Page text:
With a recorded high of 113 degrees (45 Celsius) hundreds of people were ordered to evacuate from the affected areas of interstate 44, historic Route 66 and two state highways due to smoke as the city became engulfed in flames. Firefighters tried their best to contain the fire, which continued to spread at an alarming rate, engulfing homes and destroying wooded areas.
According to Oklahoma emergency service officials, at least 65 homes were destroyed in 11 different wildfires in parched areas north and south of Oklahoma City and south of Tulsa, Reuters reported.
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"Low humidity, strong southerly winds and drought conditions enabled the wildfires to spread quickly across treetops. It's just a very difficult situation were facing that's all weather-related," Michelann Ooten, deputy director of the state's office of Emergency Management, was quoted as saying by Reuters.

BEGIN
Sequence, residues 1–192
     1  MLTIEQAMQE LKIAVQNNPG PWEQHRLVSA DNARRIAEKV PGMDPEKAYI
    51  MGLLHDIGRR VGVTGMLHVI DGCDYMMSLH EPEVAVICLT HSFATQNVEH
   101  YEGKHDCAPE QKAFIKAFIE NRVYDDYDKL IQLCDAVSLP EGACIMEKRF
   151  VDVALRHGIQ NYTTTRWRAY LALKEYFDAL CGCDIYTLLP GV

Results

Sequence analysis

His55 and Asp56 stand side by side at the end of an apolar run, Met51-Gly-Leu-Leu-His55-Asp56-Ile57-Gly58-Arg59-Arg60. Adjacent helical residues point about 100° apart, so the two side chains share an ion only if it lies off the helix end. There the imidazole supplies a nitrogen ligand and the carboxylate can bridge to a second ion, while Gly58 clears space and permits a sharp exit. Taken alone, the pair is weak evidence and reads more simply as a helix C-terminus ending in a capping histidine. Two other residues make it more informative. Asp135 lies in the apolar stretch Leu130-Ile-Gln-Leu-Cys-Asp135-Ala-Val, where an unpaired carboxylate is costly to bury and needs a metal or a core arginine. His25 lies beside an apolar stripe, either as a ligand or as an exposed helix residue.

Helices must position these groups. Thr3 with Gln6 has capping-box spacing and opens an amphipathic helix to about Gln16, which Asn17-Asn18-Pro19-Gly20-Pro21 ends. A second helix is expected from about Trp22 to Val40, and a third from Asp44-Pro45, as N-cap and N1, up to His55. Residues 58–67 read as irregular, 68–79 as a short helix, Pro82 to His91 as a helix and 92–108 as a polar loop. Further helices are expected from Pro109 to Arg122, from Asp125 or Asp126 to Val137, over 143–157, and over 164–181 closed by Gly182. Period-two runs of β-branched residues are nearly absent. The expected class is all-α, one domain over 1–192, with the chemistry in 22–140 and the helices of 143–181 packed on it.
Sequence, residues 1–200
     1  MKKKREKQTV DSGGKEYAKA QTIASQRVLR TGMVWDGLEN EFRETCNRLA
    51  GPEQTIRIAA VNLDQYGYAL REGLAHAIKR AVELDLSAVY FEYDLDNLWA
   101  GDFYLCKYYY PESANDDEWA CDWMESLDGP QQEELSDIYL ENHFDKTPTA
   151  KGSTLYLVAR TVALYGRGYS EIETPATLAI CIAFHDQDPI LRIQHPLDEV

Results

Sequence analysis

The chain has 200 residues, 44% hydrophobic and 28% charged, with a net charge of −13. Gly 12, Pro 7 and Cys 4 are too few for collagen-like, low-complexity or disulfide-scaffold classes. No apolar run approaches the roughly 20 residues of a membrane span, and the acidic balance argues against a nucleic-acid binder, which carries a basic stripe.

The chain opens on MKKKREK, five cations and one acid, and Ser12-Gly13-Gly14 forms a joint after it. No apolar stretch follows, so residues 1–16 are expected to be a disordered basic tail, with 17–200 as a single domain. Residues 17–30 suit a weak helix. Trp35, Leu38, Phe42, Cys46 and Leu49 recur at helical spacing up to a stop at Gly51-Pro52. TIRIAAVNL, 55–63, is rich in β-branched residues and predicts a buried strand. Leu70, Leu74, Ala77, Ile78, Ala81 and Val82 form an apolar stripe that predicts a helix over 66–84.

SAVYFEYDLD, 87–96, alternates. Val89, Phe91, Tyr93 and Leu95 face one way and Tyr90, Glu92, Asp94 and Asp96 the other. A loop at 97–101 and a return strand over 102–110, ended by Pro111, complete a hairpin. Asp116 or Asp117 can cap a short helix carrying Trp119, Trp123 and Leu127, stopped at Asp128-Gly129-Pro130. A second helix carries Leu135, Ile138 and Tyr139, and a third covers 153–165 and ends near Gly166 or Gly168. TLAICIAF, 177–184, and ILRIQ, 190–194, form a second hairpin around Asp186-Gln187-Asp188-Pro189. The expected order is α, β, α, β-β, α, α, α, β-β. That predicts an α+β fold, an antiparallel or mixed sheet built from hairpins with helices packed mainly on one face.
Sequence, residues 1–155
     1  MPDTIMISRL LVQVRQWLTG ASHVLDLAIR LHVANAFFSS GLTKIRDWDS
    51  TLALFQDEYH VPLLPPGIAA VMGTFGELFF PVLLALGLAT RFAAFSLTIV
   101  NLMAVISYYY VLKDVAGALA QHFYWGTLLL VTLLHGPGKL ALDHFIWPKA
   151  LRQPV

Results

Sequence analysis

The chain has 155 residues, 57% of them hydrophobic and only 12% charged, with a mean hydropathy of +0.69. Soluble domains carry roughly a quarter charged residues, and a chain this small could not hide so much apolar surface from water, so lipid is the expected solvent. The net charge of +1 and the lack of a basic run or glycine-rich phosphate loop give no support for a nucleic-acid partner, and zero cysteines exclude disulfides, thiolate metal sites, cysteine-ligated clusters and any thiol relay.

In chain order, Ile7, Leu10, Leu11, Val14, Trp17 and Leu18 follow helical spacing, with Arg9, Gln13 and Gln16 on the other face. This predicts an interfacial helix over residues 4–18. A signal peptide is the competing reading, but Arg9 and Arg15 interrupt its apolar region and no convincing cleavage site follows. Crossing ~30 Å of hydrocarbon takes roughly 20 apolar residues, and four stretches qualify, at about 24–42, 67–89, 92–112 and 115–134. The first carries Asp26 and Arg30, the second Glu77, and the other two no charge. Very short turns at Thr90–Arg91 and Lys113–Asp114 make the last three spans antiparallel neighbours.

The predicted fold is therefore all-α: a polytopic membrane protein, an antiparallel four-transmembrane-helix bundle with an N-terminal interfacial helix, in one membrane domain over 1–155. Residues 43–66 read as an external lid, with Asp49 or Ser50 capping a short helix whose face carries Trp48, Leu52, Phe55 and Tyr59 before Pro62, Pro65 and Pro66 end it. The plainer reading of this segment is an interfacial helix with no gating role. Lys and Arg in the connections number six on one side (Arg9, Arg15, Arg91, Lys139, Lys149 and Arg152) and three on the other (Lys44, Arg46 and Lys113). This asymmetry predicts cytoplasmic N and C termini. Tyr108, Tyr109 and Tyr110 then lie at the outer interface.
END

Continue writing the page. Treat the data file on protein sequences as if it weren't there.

Like in most natural disaster fashions there were some people who did not want to leave their homes nor possessions, similar to situations like hurricane Katrina, that flooded a large portion of New Orleans back in 2005, this practice has proven fatal.
"A man refused to leave. From What I know he wanted to protect his property, but your life has t be more valuable that property," John Whetsel, Oklahoma County Sheriff told AP.
Many states across the U.S. are currently plagues by wildfires and severe droughts this summer, including Texas, Kansas, and Arkansas.